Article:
Alabama high school player Maori Davenport is back playing with USA Basketball.
Davenport drew national attention when she was suspended by the state’s high school athletic association for accidently accepting an $857.20 stipend check from USA Basketball for playing with a national under-18 team. Her family repaid the money, but state officials suspended her , and she missed most of her senior season. She was reinstated for the final dozen or so games before Charles Henderson High School lost in the playoffs.
She’s in Tampa, Florida, site of the Final Four, working out in a USA Basketball junior national team 3-on-3 mini camp.
“It’s great to be out there again,” Davenport said after practice Friday morning. “It’s definitely been challenging, but also been fun to play with good players.”
Davenport will get another chance to play later this month at the Jordan Brand Classic All-Star Game. She was thrilled to be selected.
“I didn’t think I was going to play in any All-Star Game this year,” she said. “When I found out I was really excited and everyone else was really excited for me.”
She’ll head to Rutgers in the fall to play for Hall of Fame coach C. Vivian Stringer.
Last summer Davenport played for the U.S. at a FIBA Americas Under-18 tournament in Mexico City. USA Basketball sent out the stipend check to everyone who participated as they normally do. It wasn’t an issue for those players who were already heading to college because the NCAA allows such payments. But USA Basketball mistakenly forgot to check with the AHSAA to see if Davenport was allowed to receive the money. State high school rule prohibit such payments. After discovering the error, Davenport’s family repaid the money. She missed the first 16 games of the season before her parents filed a lawsuit on Jan. 13 against the AHSAA and its director Steve Savarese.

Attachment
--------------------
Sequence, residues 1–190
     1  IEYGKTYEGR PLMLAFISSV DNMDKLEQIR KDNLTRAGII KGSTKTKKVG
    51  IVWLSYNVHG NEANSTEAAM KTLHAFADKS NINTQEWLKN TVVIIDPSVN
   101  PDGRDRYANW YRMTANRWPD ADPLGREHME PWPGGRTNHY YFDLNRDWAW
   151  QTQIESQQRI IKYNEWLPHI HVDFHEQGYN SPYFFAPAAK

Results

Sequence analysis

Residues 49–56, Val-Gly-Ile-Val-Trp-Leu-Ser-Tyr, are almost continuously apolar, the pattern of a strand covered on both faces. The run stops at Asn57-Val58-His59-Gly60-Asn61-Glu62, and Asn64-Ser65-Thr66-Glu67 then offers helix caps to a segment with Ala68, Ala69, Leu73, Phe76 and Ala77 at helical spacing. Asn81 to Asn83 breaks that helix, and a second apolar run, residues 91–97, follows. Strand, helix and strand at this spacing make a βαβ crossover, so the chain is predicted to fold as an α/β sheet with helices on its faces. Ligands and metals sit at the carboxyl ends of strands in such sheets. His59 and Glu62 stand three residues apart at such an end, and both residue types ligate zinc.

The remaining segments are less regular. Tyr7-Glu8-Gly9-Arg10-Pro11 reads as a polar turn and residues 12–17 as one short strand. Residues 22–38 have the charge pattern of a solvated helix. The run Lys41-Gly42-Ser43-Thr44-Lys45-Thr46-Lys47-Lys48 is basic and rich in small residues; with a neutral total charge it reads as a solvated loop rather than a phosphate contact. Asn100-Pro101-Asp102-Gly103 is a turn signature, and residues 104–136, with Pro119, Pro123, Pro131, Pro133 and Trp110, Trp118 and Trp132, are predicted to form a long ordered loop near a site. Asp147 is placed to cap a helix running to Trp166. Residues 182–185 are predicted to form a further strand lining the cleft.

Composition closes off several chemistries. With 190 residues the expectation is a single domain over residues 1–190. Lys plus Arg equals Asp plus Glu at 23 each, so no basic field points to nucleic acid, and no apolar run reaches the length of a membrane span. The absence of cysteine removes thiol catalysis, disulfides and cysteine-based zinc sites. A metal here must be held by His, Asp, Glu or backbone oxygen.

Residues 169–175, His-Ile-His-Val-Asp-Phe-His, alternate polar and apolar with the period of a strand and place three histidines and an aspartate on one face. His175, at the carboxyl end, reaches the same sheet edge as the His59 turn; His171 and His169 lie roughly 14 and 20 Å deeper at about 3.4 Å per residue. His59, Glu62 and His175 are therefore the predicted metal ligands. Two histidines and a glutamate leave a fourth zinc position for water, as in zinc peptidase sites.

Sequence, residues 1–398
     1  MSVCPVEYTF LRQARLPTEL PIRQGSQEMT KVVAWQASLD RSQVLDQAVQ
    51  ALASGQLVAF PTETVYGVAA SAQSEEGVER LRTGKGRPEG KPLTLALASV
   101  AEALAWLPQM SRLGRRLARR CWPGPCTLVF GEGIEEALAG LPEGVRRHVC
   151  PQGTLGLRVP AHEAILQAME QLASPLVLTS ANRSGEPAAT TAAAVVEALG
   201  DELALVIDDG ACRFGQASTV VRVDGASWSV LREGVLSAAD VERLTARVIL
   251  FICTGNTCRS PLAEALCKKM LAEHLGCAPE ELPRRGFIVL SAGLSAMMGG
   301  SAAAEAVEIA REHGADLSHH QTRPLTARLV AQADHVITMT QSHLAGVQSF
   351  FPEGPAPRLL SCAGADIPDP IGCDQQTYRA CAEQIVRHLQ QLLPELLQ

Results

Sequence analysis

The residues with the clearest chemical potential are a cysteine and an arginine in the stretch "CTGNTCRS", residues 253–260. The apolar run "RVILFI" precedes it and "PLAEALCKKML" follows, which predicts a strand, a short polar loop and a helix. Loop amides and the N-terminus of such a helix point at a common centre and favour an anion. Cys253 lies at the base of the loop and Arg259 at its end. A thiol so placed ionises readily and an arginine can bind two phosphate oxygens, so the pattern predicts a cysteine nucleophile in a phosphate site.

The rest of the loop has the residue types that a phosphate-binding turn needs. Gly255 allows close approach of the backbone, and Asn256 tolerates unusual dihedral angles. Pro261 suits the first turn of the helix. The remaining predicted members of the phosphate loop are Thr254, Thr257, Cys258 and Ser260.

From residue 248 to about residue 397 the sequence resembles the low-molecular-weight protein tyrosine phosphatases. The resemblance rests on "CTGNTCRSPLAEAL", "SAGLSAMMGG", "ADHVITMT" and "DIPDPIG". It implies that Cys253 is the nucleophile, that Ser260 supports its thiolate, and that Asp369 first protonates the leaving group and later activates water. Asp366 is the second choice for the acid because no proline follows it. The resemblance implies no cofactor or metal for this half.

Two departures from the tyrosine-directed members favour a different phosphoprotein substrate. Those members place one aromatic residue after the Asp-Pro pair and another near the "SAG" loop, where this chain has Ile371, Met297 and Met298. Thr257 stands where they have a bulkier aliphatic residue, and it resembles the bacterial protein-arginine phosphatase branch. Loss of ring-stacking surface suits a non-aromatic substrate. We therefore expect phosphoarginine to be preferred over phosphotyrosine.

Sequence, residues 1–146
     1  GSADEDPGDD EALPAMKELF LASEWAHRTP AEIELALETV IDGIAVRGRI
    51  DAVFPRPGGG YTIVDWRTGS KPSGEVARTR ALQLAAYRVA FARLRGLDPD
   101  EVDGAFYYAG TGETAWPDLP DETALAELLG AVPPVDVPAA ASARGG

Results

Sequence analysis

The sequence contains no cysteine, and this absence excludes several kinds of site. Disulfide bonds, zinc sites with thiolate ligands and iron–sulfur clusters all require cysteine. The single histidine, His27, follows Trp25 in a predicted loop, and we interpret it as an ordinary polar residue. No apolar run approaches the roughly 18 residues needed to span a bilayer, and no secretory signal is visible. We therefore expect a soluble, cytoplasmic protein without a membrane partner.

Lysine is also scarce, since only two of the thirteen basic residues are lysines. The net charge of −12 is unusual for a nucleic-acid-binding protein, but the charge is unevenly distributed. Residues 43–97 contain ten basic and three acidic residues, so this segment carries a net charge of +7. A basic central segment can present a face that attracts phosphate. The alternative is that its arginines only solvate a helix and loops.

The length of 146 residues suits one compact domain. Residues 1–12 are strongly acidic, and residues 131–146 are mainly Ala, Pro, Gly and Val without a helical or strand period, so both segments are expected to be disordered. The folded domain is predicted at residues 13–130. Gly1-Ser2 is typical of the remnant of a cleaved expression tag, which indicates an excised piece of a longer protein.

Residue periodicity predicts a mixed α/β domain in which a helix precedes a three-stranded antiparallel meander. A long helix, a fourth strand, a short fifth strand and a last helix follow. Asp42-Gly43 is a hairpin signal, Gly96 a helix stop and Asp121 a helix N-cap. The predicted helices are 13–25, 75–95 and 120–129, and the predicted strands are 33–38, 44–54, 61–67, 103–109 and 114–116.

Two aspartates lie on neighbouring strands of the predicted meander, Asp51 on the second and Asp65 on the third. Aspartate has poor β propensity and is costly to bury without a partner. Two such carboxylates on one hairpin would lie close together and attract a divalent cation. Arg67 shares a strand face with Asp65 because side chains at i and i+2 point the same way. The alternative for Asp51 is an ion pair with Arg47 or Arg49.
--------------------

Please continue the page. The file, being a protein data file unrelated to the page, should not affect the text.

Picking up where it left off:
The suspension outraged many in the basketball world , but Alabama officials refused to relent until a judge granted an emergency temporary motion allowing Davenport to play until the court ruled on the case. Once her team was eliminated from the playoffs her family dropped the lawsuit.
Davenport says her family doesn’t blame USA Basketball, and she hopes to play in a U-19 tournament this summer.
“Every time they call me, I would always say yes. It’s just an honor,” Davenport said. “I’m always so proud to wear USA on my chest. They tried to help me throughout the whole process, so I respect them for that.”
The feeling is mutual from USA Basketball.
“She’s handled the adversity in a real positive way,” U.S. national team director Carol Callan said. “She was disappointed in not getting to play but hasn’t become bitter about it. I’ve been impressed with the way she’s dealt with it and interacted with all of us.”
Haley Jones, who is headed to Stanford next fall, has gotten to know Davenport over the last few days.
“She’s really nice and sweet and you can see how strong she is,” Jones said. “I can’t imagine going through that. You want to finish out your senior year with your friends. That must have been really tough.”
Davenport came away from the experience with a greater appreciation of playing.
“It made me think I shouldn’t take these games for granted because I didn’t know if and when I’d be able to play again,” she said. “Whatever happens, happens for a reason and I don’t know why it happened to me, but I hope that no one will have to go through that again.”